# Alternative Definitions of the Derivative

I claim that the three following definitions of the derivative are equivalent: $$ f’(x) = \begin{cases} \displaystyle \lim_{c \to x} \frac{f(c) - f(x)}{c-x} & \text{(A)} \\[10pt] \displaystyle \lim_{h \to 0} \frac{f(x+h) - f(x)}{h} & \text{(B)} \\[10pt] \displaystyle \lim_{t \to 1} \frac{f(tx) - f(x)}{tx - x} & \text{(C)} \end{cases} $$ Most people who have taken a calculus course will be familiar with form B above, however there are contexts in which forms A and C are more convenient to use. Real analysis courses, for instance, often will prefer form A. In this post, I shall prove the equivalence claim.

*Proof*

First, we shall show that \(A=B\). By way of substitution, let \(c=x+h\). Then, $$ c \to x \implies x+h \to x \implies h \to 0 $$ and so $$ \lim_{c \to x} \frac{f(c) - f(x)}{c-x} = \lim_{x+h \to x} \frac{f(x+h) - f(x)}{(x+h)-x} = \lim_{h \to 0} \frac{f(x+h) - f(x)}{h} \\ \\ $$ Thus, A=B.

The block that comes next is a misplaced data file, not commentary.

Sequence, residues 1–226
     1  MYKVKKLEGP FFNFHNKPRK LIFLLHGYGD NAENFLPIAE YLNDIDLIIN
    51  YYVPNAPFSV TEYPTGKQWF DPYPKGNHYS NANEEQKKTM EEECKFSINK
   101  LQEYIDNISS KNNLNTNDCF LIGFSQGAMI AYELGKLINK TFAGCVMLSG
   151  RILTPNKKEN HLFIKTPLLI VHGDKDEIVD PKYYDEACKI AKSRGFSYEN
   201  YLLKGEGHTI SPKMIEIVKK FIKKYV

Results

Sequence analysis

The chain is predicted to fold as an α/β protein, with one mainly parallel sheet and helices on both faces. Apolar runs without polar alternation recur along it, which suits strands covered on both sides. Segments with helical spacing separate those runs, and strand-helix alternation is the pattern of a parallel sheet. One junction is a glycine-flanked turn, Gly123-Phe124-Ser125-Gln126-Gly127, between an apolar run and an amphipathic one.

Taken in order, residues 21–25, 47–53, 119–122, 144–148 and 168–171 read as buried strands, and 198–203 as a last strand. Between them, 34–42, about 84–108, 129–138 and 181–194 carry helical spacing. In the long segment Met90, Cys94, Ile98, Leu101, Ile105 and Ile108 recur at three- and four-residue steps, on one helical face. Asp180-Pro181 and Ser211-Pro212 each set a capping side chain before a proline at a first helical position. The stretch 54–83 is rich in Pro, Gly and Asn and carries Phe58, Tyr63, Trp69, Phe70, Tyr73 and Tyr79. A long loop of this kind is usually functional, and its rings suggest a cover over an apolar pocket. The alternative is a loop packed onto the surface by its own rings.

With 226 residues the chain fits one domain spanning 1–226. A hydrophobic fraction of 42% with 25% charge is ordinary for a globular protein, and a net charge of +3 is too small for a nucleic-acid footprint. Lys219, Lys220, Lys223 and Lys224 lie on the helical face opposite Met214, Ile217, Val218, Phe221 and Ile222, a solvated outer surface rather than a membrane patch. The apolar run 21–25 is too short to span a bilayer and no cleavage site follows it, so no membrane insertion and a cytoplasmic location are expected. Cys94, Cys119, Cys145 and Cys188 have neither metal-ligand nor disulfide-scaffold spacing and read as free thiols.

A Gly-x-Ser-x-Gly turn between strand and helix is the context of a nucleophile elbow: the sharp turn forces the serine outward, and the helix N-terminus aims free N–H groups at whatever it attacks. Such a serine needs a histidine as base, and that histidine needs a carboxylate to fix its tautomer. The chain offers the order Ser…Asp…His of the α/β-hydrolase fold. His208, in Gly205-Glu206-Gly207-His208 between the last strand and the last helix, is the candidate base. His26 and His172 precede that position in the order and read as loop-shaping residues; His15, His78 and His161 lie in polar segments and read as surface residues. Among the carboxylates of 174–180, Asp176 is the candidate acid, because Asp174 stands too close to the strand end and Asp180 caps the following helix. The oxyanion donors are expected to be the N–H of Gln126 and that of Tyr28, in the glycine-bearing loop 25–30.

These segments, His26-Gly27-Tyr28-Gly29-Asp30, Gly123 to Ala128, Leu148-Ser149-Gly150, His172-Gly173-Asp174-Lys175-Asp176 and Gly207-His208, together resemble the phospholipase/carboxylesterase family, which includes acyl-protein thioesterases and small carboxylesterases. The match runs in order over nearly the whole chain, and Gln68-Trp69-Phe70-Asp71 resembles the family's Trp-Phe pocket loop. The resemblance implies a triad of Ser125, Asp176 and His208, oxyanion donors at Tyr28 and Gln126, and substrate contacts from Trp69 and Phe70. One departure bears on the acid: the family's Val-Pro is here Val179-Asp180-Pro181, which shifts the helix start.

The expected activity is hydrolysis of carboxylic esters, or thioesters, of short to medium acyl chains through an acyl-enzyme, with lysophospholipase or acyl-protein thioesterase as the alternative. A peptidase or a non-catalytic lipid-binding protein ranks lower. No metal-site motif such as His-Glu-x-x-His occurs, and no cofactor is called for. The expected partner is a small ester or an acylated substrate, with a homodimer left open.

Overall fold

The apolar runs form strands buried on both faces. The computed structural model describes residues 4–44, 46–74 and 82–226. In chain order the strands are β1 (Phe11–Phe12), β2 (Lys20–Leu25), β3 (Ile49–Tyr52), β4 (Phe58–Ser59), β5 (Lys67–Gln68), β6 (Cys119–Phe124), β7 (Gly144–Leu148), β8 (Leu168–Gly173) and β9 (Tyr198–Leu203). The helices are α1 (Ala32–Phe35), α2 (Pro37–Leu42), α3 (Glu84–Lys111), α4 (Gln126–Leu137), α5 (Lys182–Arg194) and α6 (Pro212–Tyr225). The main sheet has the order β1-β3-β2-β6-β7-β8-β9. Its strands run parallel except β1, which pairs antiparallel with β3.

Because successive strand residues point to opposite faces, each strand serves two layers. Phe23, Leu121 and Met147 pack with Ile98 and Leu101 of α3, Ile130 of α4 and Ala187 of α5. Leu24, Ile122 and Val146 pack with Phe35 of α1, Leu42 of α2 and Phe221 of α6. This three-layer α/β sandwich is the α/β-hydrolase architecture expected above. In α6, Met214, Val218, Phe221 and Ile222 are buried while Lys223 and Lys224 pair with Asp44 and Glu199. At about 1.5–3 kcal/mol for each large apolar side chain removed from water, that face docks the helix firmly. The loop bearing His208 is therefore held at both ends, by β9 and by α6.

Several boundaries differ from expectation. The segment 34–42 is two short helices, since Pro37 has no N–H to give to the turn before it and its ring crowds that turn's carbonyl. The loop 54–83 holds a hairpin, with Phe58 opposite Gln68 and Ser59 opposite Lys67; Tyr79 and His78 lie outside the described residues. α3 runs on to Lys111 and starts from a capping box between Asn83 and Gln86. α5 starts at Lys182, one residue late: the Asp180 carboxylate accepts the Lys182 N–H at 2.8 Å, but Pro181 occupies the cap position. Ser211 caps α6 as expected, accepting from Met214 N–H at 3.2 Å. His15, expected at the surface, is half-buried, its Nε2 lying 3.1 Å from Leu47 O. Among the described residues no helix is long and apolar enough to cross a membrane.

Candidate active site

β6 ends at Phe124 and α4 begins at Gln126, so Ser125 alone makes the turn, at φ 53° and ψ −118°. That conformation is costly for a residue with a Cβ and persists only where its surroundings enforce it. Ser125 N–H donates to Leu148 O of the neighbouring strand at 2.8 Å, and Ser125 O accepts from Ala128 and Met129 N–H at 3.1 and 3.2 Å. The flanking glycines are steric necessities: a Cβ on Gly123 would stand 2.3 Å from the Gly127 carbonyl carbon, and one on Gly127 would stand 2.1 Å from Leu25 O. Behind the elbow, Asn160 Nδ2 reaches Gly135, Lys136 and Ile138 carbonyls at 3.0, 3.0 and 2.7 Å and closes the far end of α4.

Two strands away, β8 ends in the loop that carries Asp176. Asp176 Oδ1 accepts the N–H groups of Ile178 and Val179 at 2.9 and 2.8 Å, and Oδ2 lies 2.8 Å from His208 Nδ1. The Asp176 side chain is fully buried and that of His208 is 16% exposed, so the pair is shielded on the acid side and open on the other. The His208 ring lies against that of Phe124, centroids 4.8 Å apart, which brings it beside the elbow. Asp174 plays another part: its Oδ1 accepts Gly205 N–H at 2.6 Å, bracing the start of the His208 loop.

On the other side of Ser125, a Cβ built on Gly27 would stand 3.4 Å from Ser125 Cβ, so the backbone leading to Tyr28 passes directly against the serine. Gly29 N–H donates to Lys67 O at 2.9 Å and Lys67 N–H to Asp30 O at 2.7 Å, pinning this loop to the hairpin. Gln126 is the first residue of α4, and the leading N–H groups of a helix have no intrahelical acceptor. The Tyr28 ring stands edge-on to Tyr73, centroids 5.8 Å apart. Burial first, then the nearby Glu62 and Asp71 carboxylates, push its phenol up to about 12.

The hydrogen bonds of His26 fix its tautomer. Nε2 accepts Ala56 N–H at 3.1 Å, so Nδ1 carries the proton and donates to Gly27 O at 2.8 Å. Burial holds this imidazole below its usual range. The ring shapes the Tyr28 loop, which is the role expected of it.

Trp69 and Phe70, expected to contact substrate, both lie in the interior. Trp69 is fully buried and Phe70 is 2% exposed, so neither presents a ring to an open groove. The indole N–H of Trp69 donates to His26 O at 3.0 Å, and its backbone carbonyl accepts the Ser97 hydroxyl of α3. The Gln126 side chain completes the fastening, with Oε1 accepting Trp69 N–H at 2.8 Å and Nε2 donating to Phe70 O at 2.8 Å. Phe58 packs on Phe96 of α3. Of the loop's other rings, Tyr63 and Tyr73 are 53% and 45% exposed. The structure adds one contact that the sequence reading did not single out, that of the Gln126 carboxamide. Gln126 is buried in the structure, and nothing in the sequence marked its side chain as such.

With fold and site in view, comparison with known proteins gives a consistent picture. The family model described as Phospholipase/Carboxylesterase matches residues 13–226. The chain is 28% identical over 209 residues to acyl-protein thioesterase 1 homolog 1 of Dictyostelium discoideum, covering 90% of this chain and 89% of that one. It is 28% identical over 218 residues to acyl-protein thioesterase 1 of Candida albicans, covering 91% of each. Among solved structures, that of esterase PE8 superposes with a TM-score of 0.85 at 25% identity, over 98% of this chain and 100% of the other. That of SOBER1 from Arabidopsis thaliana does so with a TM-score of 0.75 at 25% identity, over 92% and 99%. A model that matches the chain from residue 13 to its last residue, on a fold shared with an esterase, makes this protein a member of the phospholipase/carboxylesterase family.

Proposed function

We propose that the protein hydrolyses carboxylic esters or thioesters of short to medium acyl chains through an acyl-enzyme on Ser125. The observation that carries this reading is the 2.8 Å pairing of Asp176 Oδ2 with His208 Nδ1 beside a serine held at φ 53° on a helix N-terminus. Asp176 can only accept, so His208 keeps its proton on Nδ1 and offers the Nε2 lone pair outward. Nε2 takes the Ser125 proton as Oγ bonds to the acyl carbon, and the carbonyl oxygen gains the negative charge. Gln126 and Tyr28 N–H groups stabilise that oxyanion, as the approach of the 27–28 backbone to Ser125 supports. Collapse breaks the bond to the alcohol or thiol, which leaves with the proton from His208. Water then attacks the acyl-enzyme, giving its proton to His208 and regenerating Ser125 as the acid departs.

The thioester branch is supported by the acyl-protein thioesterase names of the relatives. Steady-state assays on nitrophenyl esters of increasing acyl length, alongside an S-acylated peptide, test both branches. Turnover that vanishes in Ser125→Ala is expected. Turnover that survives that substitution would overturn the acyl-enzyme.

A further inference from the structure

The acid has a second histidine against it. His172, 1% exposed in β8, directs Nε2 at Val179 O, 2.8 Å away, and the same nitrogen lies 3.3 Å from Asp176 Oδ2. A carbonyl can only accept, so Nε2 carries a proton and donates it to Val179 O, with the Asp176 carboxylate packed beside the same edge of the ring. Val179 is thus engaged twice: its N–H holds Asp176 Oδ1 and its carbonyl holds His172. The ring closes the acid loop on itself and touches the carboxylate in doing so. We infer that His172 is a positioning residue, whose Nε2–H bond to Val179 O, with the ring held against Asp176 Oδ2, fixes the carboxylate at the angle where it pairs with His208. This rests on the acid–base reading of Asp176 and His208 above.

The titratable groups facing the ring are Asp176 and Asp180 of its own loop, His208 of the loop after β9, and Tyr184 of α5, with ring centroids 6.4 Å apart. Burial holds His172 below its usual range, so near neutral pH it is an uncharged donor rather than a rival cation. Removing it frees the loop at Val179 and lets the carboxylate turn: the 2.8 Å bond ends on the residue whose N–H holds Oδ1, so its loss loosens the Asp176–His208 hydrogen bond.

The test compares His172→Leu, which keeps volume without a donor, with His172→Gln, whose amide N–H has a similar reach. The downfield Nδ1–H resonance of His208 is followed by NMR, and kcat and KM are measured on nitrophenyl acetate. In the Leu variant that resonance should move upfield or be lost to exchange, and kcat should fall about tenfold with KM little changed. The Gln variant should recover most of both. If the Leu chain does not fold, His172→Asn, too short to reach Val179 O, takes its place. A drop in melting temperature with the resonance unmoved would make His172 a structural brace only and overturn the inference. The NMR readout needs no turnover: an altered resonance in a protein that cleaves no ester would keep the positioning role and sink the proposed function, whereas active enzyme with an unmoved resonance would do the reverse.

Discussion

Second, we shall again use substitution to show that \(A=C\). Let \(c=tx\). Then, $$ t \to 1 \implies tx \to x \implies c \to x $$ and so we immediately have $$ \lim_{t \to 1} \frac{f(tx) - f(x)}{tx - x} = \lim_{c \to x} \frac{f(c) - f(x)}{c-x} \\ $$ Therefore A=C.

Finally, \(A=B \land A=C \implies A=B=C\), as desired ∎

The key insight needed to convince oneself of this equivalence is to recall the motivation for the limit definition of the derivative. We wish to approximate the slope of some function with a secant line between two points on the function, and let these points be arbitrarily close together. In each case, that is exactly what we are doing – look at the denominators of all three difference quotients and see that they are all approaching zero.